“Jamil ibn Mamar was a poet of the Umayyad era. He came from the tribe of Udhrah which lived in Wadi-al-Qura (Wadi al-Ula). When Jamil was about to die in Egypt, he remembered Wadi al-Qura and was saddened that Buthaynah would not know what had become of him. So he gave his camel and all it carried to a man, and gave him his cloak to wear, and requested him to recite some poetry near Buthaynah’s dwelling reflecting his deep attachment to Wadi al-Qura.”

“The traveler Ibn Battutah visited al_Ula at the commencement of the 8th/14th century and wrote about the town and its people, saying that “al-Ula is a large and fine village with orchards date palms and water. The pilgrimage caravan stays there for four days to resupply and wash. Pilgrims leave any excess belongings they might have them with the townspeople who are known for their trustworthiness and only take with them what they need for the journey.” (not sure which century, as 8 and 14 are a bit apart)

“The Kingdoms of Dedan and Lihyan: Dedan is an old name for the oasis of al-Ula as well as the name of a kingdom which ruled al-Ula and much of northwest Arabia during the 7th century BCE. The kingdom of Lihyan succeeded Dedan in ruling the same area with its capital at al-Ula from the 6th (or 4th?) to the 2nd centuries BCE.”

Nabatean bronze coin found in fort area

Once you descend back again to street level, the tour is done. At this point you may need some refreshments, or wish to stick around this area. In that case, continue walking down the road and follow the turn up to the left, where you will see a large entrance to “Old Town Market“. There is no entry fee here. Just show your Tawakalna App to enter.

If you want to return to your car first, as we did, then board the bus back to the meeting place, and drive your car back to this area. There is on street parking. If for some reason it is crowded, then there are designated parking areas for Old Town Market, however they are farther away from the entrance.

Old Town Market: This is the tourist area where you can peruse items for sale at the many stands along the walkway. There are rugs, home decorations, pottery, art, jewelry, spices and more. Prices tend to be higher here, so always bargain if you really see something you want.

Entrance off the street

Easily accessible for wheelchairs, strollers and walkers. One of the best places to hang out in AlUla at night time. Locals and tourists intermingle beneath the lights, sheltered by the mountain in the background. Our favorite place was a dessert cafe on a corner, down a few streets from this area.

Visitor Center: The only one we saw the whole time we were in AlUla. It really doesn’t offer much, but bottled water. There are no brochures, however there is a very stylized short movie about experiencing AlUla with models riding horses through the desert, etc. More of a fashion show than educational. In the future I’m sure it will be more of a proper visitor center.

Dining: Many restaurants set out in traditional style, are along the walkway. They are steeply priced, so bring your credit card! If you are just looking for some tea, coffee and dessert, then enjoy the outdoor seating and watch passersby. This area is still accommodating new businesses, so this coming fall might find more choices for you!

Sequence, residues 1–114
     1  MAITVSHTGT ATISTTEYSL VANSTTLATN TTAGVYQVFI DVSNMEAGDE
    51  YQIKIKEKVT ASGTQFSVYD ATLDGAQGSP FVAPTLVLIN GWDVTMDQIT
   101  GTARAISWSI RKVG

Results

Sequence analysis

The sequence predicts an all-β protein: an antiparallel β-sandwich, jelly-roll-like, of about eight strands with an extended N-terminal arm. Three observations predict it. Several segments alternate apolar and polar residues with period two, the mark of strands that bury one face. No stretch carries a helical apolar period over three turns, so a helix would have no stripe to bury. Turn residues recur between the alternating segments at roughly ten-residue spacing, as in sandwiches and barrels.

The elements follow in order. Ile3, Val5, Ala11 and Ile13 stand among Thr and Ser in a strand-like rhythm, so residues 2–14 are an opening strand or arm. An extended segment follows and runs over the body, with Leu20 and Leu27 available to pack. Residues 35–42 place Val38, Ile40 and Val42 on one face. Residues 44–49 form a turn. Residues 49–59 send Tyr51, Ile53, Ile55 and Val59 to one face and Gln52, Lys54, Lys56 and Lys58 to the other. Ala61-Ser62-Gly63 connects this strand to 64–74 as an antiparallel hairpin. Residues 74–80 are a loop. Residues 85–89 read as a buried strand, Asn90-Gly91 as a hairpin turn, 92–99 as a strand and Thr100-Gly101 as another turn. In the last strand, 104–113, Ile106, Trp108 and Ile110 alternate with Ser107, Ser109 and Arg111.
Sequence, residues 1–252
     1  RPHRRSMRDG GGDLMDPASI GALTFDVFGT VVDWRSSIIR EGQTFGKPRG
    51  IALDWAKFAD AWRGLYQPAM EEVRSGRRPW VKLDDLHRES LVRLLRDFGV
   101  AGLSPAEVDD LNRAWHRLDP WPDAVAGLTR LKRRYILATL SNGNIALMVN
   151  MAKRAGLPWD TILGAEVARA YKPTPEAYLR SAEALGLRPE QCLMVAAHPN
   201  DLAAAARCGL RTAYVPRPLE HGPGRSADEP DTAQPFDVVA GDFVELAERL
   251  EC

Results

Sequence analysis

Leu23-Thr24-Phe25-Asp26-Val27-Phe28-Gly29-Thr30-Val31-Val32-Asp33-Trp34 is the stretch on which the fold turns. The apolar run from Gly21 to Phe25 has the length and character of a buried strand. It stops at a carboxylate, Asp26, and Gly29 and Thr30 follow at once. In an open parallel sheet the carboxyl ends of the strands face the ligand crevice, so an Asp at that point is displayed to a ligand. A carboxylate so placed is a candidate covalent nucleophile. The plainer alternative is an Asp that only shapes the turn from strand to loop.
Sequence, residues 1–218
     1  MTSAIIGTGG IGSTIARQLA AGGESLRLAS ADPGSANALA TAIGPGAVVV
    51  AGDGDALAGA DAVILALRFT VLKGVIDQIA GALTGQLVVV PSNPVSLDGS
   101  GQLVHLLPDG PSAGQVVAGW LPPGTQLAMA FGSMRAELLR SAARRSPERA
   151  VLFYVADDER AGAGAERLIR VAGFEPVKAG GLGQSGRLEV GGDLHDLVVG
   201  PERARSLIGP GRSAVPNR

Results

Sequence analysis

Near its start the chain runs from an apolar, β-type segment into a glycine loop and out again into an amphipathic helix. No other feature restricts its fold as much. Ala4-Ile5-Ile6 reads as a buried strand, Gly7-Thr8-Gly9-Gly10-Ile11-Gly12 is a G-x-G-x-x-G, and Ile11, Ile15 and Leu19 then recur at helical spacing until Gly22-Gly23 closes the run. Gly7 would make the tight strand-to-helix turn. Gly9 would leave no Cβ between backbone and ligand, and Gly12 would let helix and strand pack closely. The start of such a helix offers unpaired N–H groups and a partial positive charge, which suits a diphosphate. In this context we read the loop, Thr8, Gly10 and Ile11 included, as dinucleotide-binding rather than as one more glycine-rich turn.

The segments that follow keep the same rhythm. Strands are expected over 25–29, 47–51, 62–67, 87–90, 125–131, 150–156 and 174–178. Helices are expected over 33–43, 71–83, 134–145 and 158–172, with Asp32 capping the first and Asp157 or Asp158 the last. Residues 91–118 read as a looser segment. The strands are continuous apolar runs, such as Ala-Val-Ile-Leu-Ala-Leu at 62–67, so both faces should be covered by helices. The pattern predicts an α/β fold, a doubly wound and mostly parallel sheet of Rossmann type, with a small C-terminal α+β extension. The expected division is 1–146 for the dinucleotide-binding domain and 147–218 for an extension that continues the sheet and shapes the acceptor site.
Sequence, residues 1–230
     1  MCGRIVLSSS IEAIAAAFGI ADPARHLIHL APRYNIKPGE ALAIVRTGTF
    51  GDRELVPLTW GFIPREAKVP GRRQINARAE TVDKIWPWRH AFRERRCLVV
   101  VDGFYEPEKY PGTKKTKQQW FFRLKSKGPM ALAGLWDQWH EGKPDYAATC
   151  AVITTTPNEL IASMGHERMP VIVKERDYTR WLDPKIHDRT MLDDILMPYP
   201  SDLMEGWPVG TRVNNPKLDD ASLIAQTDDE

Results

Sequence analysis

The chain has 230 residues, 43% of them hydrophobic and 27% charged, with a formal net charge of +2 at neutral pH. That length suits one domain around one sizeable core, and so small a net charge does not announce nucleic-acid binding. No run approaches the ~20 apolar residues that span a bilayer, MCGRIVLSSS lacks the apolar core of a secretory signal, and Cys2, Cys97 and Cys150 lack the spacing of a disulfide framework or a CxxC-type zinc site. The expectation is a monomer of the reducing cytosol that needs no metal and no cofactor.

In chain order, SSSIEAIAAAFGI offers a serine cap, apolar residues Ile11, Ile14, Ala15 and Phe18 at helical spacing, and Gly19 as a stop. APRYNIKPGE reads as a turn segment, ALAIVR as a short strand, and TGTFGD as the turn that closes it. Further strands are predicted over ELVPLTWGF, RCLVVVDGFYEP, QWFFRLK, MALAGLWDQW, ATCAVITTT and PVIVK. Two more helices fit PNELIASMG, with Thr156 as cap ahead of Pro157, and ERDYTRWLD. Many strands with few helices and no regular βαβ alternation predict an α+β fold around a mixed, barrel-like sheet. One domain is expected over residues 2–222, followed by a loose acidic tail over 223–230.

Archaeology Dig: This area is also under archaeological excavation. In fact I saw what appeared to be foreigners (dressed like Indiana Jones), pondering a ditch with house ruins in the background. I had a hunch they were an archaeology team, which was right. In fact the 3 men and 1 woman team were from various countries, and part of the Royal Commission team set up together by the Saudi government and France. I chatted with them briefly, and was interested to learn what they were finding out about this site. They said that not much has been studied at all in AlUla. It is a great opportunity for future archaeologists, as they are starting from scratch. They expressed their desire that new generations of archaeologists would come from Saudi students, however the progress is slow.

The ditch they were pondering over, was a few feet below the main ancient street. They were wondering why some of the bricks were vertically placed. Perhaps a wall had fallen in, or there had been another structure before the town had been built over it. So much to discover! (This reminded me of an archaeology class I had taken at University. It was pre-Roman culture, where people had dirt floors in their homes, and garbage was thrown on the ground. They would throw dirt over it to make a new floor.)

You can read more about what is being discovered, in the Arab News article, “International archaeological team ready to discover secrets of AlUla”, 16, May 2020, and the Saudi government website below:

Night life: As the sun set, more people arrived, and the locals came out to walk this area. Being set against the mountains, it is a nice area to just relax. A Saudi student who was in a master’s program, wanted to survey my thoughts on the area and transportation. She wanted to know what I thought about the traffic, and if other modes of transportation would be helpful. For instance horse and buggy, scooters, etc., and if it was more important to have efficient transportation or different modes. I said efficiency is better, and the slower pace of traffic that already exists, with all the speed bumps, kept a steady flow. You can already rent bikes to tour around. Scooters would be tough with all the speed bumps. I suggested something like a trolley car, where people could get off and on at different stops. We’ll see what is in store for future transportation!

Street conditions: When walking around, just be aware that some areas are better than others. There are broken cobbles, or sidewalks with uneven terrain. Here is a native milkweed plant, growing near a doorway on the sidewalk, along with some rubbish. Notice the aphids! For the most part, AlUla has beautifully planted median strip areas, all along the highways.

Hollyhocks are a favorite plant along roadways in Saudi– winter/spring

Our morning tour that we started at Hegra — 10am, check out the blog:

Day 2 of our Al Ula trip (Dadan/Jabal Ikmah and Elephant Rock) can be found at these blog links:

Here are a few websites that will help in your vacation planning.

This first website is THE website you can book all your “experiences” or tickets through. The most used website for us in planning our trip. Fantastic videos and photos.

The Middle East Institute has a wonderful write up of the AlUla region. There is a lot to read and learn. I haven’t read it all, but need to return to do that! You will enjoy this one!